Born as Ottavio Gabriel George on 29 January 1921 in Endicott, New York, he was bitten by the acting bug in the early 1930s when he watched a sing and dance vaudeville act of a child. Although he remembered nothing extraordinary about the act, he was impressed by the fact that the child was only about six years old. From that day on, he dreamed about being an entertainer. And so, after his tour of duty with the Army Air Corps during World War II, he left his hometown of Endicott for California to pursue an acting career. His first few years at Hollywood were lean starting with small roles on television and the big screen. When he was signed up by 20th Century-Fox, he was billed as Ott George or Tony George in “B” movies like “Gunfire at Indian Gap,” “Chicago Confidential,” “Three Bad Sisters” and “You Never Can Tell.”
Because of his dark, swarthy looks Tony George was often typecast with screen toughies, mobsters, convicts and other bad guy roles. His career took off at a faster clip in the small screen appearing as an Indian guide in the “Death in the Snow” episode of NBC’s anthology series, “The Joseph Cotton Show.” He also guest starred in the syndicated TV series “How to Marry a Millionaire,” a Barbara Eden sitcom and in “Sheriff of Cochise,” a John Bromfield crime drama. Tony George appeared as well in the 1955- 56 CBS Cold War drama series “Crusader.”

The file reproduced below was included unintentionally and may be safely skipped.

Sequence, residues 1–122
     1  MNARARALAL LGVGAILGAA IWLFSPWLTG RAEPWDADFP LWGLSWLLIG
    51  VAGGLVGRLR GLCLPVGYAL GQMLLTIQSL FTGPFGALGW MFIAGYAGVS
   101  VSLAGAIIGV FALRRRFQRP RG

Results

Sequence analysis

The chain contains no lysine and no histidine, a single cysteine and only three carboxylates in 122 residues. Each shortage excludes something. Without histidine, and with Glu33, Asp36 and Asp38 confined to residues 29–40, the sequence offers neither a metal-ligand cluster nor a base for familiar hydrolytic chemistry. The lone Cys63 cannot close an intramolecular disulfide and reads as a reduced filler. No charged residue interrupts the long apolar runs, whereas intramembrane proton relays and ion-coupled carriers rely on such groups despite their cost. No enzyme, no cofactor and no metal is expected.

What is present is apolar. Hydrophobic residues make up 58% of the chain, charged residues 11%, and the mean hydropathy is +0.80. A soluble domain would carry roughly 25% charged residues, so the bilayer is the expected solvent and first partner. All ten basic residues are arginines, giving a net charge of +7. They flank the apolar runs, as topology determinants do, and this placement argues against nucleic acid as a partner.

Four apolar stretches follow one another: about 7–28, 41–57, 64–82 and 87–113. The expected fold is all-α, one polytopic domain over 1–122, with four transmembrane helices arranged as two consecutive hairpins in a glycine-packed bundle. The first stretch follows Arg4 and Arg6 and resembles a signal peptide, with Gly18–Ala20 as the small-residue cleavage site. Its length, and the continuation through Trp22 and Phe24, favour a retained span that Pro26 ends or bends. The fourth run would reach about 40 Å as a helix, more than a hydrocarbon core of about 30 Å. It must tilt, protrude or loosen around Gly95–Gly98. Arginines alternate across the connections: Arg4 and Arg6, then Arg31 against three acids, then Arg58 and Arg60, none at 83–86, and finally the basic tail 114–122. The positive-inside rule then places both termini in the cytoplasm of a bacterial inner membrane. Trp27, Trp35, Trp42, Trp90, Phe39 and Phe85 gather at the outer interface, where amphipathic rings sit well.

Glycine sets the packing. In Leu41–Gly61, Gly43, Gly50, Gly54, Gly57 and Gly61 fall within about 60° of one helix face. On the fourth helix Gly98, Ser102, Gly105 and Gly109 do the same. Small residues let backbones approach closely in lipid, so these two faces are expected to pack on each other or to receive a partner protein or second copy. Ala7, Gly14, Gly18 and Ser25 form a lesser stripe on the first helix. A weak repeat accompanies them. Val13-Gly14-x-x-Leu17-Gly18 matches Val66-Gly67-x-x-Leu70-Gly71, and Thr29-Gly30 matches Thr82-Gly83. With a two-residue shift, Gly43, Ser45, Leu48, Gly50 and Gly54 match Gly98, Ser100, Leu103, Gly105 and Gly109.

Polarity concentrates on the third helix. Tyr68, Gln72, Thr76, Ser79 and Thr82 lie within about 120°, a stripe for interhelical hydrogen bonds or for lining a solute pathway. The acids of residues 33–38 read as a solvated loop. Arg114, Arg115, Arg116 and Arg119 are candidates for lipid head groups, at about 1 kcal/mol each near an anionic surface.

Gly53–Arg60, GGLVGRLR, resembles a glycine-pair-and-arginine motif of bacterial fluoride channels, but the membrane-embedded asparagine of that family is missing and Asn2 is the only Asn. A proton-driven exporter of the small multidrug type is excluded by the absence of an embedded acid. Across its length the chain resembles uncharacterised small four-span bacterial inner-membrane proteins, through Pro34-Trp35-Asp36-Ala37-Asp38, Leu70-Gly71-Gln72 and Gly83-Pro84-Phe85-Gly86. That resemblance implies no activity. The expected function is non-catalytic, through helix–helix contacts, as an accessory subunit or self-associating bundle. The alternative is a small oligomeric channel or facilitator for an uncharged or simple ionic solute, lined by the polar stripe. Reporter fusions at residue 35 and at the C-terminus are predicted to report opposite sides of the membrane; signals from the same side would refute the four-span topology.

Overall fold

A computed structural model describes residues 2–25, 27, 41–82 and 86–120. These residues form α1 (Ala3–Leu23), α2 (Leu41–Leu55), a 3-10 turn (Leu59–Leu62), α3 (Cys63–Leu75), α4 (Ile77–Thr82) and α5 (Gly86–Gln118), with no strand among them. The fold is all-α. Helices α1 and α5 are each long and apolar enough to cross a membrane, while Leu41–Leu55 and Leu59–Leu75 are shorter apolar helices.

His breakthrough role came in 1959 when he was cast in the first season of “The Untouchables” as the tough talking Cam Allison alongside Robert Stack who played the role of Eliot Ness. When his character was killed off in a hail of bullets six months later, Tony George took the leading role of Dan Corey in the 1960 detective drama “Checkmate,” which lasted for two seasons and made him a familiar household name. After the series ended, he toured various stage plays and musicals such as “Funny Girl.”
Tony George joined the cast of the gothic soap opera “Dark Shadows” in 1967 playing the role of Burke Devlin. When his character was killed in a plane crash some months later, he continued with stage work. Then in 1970, he joined the cast of “Search for Tomorrow,” which was then the longest running soap opera. Playing the role of Dr. Tony Vicente, he was romantically paired with the soap heroine, Joanne Tate portrayed by Mary Stuart. The screen sweethearts became the most popular couple on daytime television during the 1970s.
In 1977, Tony George was cast as psychiatrist Will Vernon in the soap opera “One Life to Live” and stayed with the show until 1984. After doing a guest shot in “Simon and Simon” in 1988, he retired from acting. He was honored with a bronze star in 1991 on the Sidewalk of the Stars in his hometown in Binghamton, New York. He died on 16 March 2005 at the ripe old age of 84.